About the recordings

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Recording sources and quality

The recordings presented on this website come from a personal collection of 130 cassettes recorded, bought or dubbed in Kenya during 1998 and 1999, whilst researching the sixth edition of the tourist guidebook, the Rough Guide to Kenya. Unfortunately, I had neither time, money nor the equipment to do proper field recordings - something urgently needed if the musical heritage of Kenya is to be preserved and made public.

Nonetheless, the tapes cover the music of thirty-one Kenyan tribes, out of an official national tally of forty-two. Notable omissions include various "Ndorobo" hunter-gatherers such as the Ogiek (or Okiek; long ignored by governments and researchers alike, and whose land - and therefore ways of life - are increasingly threatened by the veiled interests of politicians and big business); the Kalenjin "cluster" in the west (where westernization appears to have obliterated many of the old ways); and the Pokomo of the Tana River basin in the east and the Merille in the far north, both of which live in relatively inaccessible areas.

In many cases, the only recordings in existence (perhaps excluding the hard-to-access Voice of Kenya archives) were what people had taped themselves, sometimes many years before. Some people were willing to sell the tapes to me; other times, I had them copied (or "dubbed" in Kenyan parlance) using whatever equipment was locally available: usually a battered dual-cassette ghetto blaster in the local music store, or else by playing the tape off someone's tape player and recording the output through the (awful) built-in microphone of my own tape recorder. Needless to say that I hadn't planned on any of this before heading out to Kenya. As a result, the sound quality is in many cases pretty dire, especially on tapes picked up in Isiolo and Loiyangalani in northern Kenya. Most of these lost their boxes many years ago, some had lost their screws and were stuck together with sellotape, others had lost their 'dampers' (the piece of felt behind the loose tape where the tape player's head goes) and had been replaced with used cigarette filters. Most were encased in a thick layer of grime, and all were uncomfortably dusty. Not surprisingly, audio drop-outs are common to many of these recordings... Nonetheless, the recordings are unique, and in some cases the music has now become extinct.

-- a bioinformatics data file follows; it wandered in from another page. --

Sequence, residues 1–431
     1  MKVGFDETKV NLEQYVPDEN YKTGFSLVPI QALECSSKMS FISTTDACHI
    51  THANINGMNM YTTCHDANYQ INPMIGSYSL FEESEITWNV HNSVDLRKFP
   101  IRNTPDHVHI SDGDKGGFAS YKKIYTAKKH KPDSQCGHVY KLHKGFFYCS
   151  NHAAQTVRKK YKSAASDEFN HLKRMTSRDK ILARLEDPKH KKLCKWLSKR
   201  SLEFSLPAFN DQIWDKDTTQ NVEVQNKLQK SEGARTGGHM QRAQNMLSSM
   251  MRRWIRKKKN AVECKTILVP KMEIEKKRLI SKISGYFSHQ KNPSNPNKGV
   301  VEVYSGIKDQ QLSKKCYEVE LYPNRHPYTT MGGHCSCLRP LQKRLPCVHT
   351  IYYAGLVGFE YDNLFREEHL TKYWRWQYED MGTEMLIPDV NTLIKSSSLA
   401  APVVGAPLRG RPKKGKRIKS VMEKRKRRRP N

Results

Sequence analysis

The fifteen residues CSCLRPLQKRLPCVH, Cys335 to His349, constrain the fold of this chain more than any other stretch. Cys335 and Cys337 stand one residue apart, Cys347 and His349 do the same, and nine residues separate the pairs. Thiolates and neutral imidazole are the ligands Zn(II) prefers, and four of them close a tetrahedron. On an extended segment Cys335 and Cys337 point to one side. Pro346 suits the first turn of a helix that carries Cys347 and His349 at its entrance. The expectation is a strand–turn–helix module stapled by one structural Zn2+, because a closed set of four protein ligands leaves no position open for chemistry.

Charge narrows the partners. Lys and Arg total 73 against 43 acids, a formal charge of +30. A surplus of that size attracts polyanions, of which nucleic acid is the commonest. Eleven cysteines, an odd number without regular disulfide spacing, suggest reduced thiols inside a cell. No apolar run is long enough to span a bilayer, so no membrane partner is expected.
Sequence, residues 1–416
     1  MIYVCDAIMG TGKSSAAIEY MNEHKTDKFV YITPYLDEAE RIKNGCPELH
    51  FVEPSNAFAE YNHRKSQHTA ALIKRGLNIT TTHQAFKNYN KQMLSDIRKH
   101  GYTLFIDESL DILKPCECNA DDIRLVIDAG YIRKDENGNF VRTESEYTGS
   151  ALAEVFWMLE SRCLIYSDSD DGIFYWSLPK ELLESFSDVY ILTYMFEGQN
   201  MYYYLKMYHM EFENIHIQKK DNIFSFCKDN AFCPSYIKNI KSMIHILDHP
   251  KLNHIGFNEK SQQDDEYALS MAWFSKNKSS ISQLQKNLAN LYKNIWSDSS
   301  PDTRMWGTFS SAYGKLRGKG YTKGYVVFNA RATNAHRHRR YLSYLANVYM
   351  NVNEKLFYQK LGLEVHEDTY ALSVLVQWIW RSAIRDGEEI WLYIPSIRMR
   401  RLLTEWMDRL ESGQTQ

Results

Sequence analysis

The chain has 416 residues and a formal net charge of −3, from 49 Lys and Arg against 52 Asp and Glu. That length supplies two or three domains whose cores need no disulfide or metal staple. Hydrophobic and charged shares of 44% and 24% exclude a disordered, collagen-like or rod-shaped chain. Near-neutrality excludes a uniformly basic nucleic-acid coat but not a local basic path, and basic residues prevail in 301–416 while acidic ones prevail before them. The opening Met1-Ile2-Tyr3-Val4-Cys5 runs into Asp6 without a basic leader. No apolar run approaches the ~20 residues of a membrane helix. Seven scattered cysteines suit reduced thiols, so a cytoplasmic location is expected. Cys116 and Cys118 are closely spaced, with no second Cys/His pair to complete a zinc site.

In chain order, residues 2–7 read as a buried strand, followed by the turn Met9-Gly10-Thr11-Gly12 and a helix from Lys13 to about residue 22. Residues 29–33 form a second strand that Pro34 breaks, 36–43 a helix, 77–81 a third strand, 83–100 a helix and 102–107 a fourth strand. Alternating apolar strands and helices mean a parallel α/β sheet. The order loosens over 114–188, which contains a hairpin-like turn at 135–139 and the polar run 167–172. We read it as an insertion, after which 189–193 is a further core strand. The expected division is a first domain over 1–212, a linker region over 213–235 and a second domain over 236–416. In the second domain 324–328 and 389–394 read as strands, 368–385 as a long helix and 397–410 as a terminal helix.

I've done my best to clean up the worst of the mess using sound editors (I recommend both Goldwave and Cooledit), and have endeavoured to optimise the sound quality in the finished files that are posted online. Nonetheless, you will have to forgive the quality of many recordings - nothing doing, I'm afraid - but I think that the results are enjoyable nonetheless.

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Traditional Music & Cultures of Kenya
Copyright Jens Finke, 2000-2003

also by Jens Finke
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